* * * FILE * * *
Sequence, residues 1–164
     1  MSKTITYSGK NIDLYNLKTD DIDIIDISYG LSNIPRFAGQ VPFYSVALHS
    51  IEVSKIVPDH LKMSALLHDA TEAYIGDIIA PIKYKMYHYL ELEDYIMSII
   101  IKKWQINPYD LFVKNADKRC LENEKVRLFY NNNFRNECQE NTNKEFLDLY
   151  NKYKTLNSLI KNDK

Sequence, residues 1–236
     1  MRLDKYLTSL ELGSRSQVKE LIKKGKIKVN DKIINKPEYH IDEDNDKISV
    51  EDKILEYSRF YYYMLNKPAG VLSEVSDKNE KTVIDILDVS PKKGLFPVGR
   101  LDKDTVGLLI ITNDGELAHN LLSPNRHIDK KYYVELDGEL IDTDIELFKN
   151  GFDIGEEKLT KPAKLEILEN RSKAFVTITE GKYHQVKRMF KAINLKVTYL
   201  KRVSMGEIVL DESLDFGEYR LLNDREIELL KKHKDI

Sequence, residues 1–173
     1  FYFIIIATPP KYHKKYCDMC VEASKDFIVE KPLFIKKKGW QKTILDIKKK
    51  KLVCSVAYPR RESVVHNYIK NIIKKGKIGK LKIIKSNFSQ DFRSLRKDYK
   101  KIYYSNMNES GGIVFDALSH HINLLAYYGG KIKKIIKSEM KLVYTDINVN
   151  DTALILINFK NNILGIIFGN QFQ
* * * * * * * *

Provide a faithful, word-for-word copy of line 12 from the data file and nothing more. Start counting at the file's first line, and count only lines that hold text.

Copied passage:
Sequence, residues 1–173